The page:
"Avenue Q" is not a puppet show for kids.

Not only do its relationship-challenged young-adult puppet characters swear and drink, but they live in a grungy New York neighborhood that could use a good cleaning.

These puppets may look like they belong on the set of a certain famous children's TV show, but their very adult behavior makes this clever musical appropriate for, well, the adults who are its intended audience at Columbia's Red Branch Theatre Company.

If the rudely funny characters only spouted naughty words, they eventually would become tiresome. That's why it's reassuring to see that this production really brings out this show's essential sweetness.


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Although the aptly named Bad Idea Bears (Beth Cohen and Cory Jones) constantly suggest all manner of socially transgressive things to the other puppet characters, some of whom frankly don't need much prompting to misbehave, there's ultimately the assertion that such old-fashioned traits as love and loyalty will prevail.

Even if "Avenue Q" did not have that naughty-yet-nice formula working in its favor, it would be fun to watch at the level of performance. Some of the actors manipulate hand-held puppets in such a way that you can appreciate the human actors' facial reactions as much as their vocal skills; some of the other actors do not come with, er, boisterously expressive puppets attached and simply present themselves as conventional human characters on stage. It's a quirky presentational mix that inherently makes you think about various tactics that can be deployed to bring characters alive.

This well-cast production directed by Jenny Male ensures that you're alert to these lively characters. Princeton (Zac Brightbill) is a shy recent college graduate whose unemployed status prompts him to rent an apartment in this low-rent neighborhood. His eventual love interest, Kate Monster (Sherry Benedek), can be as assertive as her last name, but don't let her literally hairy face fool you. Kate is a good monster, er, person, er, whatever.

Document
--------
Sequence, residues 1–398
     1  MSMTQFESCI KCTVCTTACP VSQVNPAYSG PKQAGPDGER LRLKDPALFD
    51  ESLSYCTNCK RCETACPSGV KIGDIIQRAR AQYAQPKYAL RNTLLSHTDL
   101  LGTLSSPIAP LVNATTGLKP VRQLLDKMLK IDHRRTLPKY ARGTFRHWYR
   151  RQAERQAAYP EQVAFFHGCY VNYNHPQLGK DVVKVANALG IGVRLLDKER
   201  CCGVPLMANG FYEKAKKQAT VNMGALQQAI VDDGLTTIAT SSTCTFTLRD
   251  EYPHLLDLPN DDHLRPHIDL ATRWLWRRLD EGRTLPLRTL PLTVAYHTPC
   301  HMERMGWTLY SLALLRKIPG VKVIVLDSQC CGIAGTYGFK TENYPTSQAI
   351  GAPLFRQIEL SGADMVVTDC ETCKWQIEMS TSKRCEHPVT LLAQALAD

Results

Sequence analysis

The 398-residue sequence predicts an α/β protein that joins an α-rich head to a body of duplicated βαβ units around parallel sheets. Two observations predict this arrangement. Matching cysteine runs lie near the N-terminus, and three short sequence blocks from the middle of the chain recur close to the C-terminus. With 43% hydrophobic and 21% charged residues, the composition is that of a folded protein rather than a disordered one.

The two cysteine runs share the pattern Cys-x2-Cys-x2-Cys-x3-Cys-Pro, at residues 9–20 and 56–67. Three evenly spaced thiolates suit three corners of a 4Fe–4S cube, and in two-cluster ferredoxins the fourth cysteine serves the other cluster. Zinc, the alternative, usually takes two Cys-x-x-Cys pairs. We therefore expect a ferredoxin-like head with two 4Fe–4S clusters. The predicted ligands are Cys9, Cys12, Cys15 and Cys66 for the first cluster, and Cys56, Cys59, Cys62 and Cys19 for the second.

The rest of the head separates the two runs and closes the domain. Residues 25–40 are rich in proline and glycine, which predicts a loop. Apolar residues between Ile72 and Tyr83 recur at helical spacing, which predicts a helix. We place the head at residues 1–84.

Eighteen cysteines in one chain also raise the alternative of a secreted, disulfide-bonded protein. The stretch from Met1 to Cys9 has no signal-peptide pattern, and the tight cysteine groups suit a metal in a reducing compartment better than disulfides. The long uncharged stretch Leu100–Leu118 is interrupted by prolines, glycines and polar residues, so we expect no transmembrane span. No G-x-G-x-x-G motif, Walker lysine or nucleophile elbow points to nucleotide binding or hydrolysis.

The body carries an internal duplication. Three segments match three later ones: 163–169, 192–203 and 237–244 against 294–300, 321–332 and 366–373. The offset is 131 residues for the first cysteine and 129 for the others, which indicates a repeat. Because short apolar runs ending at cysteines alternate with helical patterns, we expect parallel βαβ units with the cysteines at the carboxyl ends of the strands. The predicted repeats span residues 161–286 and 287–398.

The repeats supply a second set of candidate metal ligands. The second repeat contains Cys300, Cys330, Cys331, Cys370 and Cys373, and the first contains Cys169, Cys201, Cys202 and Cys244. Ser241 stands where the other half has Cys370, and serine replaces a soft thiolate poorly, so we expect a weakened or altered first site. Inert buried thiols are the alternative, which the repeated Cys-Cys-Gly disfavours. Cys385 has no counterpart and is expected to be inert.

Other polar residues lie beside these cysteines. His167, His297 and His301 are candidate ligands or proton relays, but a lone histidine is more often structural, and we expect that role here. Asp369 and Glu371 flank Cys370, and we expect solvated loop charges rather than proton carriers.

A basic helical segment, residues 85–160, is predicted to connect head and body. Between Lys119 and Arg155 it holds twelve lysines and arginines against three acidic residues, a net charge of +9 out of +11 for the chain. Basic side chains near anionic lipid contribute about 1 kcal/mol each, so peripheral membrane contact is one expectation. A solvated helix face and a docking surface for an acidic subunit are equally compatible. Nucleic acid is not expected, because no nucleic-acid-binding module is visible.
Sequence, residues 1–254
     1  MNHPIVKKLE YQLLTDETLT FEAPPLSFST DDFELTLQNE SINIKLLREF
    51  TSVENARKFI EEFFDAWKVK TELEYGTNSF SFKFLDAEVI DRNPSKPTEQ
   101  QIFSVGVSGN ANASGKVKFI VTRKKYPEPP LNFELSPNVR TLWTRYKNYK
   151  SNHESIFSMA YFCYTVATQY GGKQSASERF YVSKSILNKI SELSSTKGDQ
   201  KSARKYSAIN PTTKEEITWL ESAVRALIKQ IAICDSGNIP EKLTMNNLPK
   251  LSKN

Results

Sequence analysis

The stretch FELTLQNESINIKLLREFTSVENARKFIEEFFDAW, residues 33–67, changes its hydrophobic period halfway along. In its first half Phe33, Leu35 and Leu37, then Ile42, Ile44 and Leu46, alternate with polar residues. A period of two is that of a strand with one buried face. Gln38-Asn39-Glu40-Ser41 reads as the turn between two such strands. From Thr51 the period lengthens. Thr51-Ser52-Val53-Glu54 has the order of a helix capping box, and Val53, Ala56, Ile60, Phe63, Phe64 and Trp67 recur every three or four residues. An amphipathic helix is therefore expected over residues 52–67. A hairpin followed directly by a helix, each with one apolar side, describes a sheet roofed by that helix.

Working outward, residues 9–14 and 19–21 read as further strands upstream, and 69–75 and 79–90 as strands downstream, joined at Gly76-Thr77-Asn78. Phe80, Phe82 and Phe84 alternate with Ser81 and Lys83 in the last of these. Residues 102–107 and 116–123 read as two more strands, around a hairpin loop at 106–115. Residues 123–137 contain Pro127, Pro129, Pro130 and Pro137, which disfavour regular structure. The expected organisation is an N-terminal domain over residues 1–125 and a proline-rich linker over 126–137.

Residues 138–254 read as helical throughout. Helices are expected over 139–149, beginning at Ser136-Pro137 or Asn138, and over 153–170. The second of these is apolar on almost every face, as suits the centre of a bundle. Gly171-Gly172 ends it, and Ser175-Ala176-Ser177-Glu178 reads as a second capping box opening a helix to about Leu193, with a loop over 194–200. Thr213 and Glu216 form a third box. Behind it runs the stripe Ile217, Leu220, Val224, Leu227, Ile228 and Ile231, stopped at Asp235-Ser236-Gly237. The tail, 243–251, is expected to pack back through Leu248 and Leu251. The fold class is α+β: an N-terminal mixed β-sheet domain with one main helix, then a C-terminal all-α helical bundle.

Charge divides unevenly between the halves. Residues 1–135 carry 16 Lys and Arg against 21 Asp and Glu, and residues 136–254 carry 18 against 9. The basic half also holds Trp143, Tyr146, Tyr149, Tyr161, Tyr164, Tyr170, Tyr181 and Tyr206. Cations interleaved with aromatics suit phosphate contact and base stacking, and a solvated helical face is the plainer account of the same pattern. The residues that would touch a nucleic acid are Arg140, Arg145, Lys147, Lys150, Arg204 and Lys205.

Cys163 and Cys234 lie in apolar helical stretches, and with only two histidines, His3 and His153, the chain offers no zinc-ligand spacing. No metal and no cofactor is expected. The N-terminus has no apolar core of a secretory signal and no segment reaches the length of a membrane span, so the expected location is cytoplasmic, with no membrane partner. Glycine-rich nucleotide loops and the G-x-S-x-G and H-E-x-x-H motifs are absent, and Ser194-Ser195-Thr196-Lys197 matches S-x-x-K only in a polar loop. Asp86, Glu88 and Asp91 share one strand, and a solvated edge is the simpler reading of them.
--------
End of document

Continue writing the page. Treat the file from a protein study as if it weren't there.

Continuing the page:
One of the moral lessons imparted by Jeff Whitty's book in this musical is that everybody in this neighborhood should put superficial differences aside and learn to get along. It's worth passing that message along to the small children who otherwise are not the audience for this show.

Such lessons also are light-heartedly conveyed by the music and lyrics by Robert Lopez and Jeff Marx. When Princeton ponders his seemingly unpromising future in such songs as "What Do You Do with a B.A. in English?" and "Purpose," you understand how lost he initially feels in his new neighborhood. As Princeton and Kate embark on a potentially romantic friendship, songs such as "Mix Tape" help advance their relationship.

Anchored by those two lead performances, the show also benefits from deftly delivered supporting performances in roles that likewise reinforce the importance of getting along. More than a decade out of college, Brian (Keith Tittermary) worries about slipping into mediocre middle age; his courtship of an English language-mangling Asian woman named Christmas Eve (Erin Branigan) amounts to a romantic gift from a superficially very different person. And roommates Nicky (Gavin Shown) and Rod (Josh Kemper) have friendship-related issues to resolve.

The wild assortment of additional characters includes Trekkie Monster (Dean Davis), who is like a wild party animal; a sultry nightclub singer, Lucy (Sara Cobb), who is like a curvy invitation to sin; and Gary Coleman (Wil Lewis III), an existentially weird character who supposedly is the former TV child star now reduced to the relatively lowly status as Princeton's landlord.

All of the actors skillfully impersonate their colorful characters, even if Lewis and occasionally other actors tend to be more secure with their comic timing than with their singing.

This actually isn't a problem here, because the character-based songs are carried by personality as much as by the vocal delivery. It also helps that the mini-band vigorously led by musical director Dustin Merrell guarantees that the performers and audience alike remain in a cheerful mood.

"Avenue Q" runs through Oct. 21 at Red Branch Theatre Company, 9130-I Red Branch Road in Columbia. Remaining performances are Oct. 12, 13, 18, 19 and 20 at 8 p.m., Oct. 14 and 21 at 3 p.m. Tickets are $18 in advance and $20 at the door, $16 for seniors and students. Call 410-997-9352 or go to http://www.redbranchtheatrecompany.com.